Coastal Erosion Management from a Community Economics Perspective: The Feasibility and Efficiency of User Fees

By Kriesel, Warren; Landry, Craig E. et al. | Journal of Agricultural and Applied Economics, August 2005 | Go to article overview

Coastal Erosion Management from a Community Economics Perspective: The Feasibility and Efficiency of User Fees


Kriesel, Warren, Landry, Craig E., Keeler, Andrew, Journal of Agricultural and Applied Economics


Coastal communities cannot depend on funding from the state or federal government to maintain high-quality beaches that benefit the public and attract tourist revenues. This article investigates the feasibility and efficiency of beach improvement projects at two Georgia barrier islands through the alternative funding mechanisms of general-revenue financing and user fees. Benefits are calculated from an intensive, on-site survey of beach visitors, and the costs are calculated from observable sources. The analyses presented support beach improvement as an effective policy on both islands under all scenarios considered.

Key words: beach nourishment, coastal erosion, relocation, user fees

JEL Classifications: Q26, R51, R53

Coastal erosion is a major concern among all parties involved in managing coastal lands. Eighty to 90% of the sandy beaches in the continental United States are receding (Leatherman), but erosion and accretion patterns can vary tremendously over both space and time. Developed coastlines are often armored with concrete and rock structures to prevent property losses associated with shoreline erosion. A common result of this approach to management is narrower sandy beaches that often disappear at high tide. These poor-quality beaches may drive tourists away. Sandy beaches are a vital input to tourism in coastal communities, and the tourism industry is often an important part of the local economy.

Public policy makers are faced with two markedly different strategies for managing erosion: (1) artificially nourishing the beach with more sand and (2) permitting nature to take its course by relocating threatened property improvements. Each alternative has different effects on coastal user groups. Beach nourishment offers some protective value for property improvements, plus it increases the amenity value associated with sandy beaches. However, this alternative can disrupt natural accretion patterns and cause serious side effects. The relocation alternative primarily affects property owners, who may, however, benefit if they are well compensated for their losses. Visitors may also benefit from relocation if the resulting pattern of businesses and services is an improvement upon the status quo and if beach amenities are improved.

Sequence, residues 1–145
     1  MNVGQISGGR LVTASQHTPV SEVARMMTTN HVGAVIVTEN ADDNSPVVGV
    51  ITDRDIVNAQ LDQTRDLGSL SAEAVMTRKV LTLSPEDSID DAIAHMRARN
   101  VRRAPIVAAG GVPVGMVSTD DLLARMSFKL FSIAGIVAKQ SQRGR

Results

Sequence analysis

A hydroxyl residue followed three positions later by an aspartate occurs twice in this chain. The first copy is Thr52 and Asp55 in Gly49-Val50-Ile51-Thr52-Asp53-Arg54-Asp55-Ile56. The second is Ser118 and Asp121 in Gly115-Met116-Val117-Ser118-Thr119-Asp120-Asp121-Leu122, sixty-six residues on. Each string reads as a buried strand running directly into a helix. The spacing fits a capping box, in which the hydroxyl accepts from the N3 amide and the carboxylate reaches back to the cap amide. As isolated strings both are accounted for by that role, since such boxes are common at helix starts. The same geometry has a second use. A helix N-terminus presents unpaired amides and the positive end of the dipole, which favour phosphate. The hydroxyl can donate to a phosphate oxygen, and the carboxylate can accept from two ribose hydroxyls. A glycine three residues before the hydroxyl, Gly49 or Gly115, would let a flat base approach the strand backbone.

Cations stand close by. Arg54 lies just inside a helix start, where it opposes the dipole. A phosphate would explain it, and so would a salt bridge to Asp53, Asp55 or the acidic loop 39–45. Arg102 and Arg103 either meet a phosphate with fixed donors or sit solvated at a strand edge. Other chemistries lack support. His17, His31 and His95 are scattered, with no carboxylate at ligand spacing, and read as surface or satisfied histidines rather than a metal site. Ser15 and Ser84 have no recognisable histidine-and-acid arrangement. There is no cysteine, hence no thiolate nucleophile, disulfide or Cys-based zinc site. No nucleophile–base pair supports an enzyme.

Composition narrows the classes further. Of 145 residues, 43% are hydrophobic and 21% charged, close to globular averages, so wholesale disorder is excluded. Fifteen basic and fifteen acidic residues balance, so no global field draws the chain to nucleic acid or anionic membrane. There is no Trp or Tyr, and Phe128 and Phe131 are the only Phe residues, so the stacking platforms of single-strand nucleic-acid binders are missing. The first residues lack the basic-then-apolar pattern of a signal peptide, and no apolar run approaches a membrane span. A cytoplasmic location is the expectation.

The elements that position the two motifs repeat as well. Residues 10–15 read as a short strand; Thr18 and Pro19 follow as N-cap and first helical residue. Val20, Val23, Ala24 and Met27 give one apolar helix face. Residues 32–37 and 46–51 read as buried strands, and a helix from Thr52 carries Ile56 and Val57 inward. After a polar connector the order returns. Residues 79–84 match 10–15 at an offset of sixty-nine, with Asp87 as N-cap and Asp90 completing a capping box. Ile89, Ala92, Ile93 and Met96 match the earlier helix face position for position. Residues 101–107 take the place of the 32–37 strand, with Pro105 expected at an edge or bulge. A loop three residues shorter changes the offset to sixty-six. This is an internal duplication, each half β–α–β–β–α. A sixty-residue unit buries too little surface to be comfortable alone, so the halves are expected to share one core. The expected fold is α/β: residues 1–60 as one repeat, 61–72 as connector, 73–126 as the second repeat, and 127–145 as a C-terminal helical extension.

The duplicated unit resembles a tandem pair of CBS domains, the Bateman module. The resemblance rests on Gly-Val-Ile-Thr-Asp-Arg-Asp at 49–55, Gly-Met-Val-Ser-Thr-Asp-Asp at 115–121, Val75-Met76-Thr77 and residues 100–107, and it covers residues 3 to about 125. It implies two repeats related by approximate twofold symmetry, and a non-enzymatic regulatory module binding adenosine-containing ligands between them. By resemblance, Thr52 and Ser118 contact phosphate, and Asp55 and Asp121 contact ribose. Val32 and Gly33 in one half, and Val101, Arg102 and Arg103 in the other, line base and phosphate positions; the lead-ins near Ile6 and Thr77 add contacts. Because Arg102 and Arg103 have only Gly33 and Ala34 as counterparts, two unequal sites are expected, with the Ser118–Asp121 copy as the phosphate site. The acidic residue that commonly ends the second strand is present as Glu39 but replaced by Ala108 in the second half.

Regardless of the management approach chosen, costs are likely to be considerable; beach-management projects are typically large scale, encompassing miles of shoreline. In the past, funding from local, state, and federal sources has been used for beach improvements (Stronge). Economic efficiency requires the project provide a level of benefits that exceeds costs. A primary task is to estimate these benefits, in the form of willingness to pay (WTP), against which cost estimates can be compared. However, the fact that a project has high net benefits is no guarantee that it will be funded, because the federal government has shown increasing reluctance to support beach-improvement projects (Marlowe). Increasing skepticism about the overall public benefits of large-scale water projects of all kinds, combined with general budgetary pressure, have led to a situation where the beach communities themselves are much more likely to provide financing for beach management.

In this fiscal environment, the field of community economics offers appealing insights. The field places special emphasis on the community as another economic agent (Shaffer, Deller, and Marcouiller). Rather than analyzing the beach strictly as a natural resource and a public good, professionals in the field examine the importance of public infrastructure for the well-being of a community. Infrastructure is analyzed as an exclusive or a nonexclusive good. From this insight, the primary financing options that emerge for beach improvement projects are (a) user fees and (b) general-revenue financing. User-fee financing has been popular for infrastructure such as bridges and roads because it is a type of tax that is paid by the direct beneficiaries of a specific project. …

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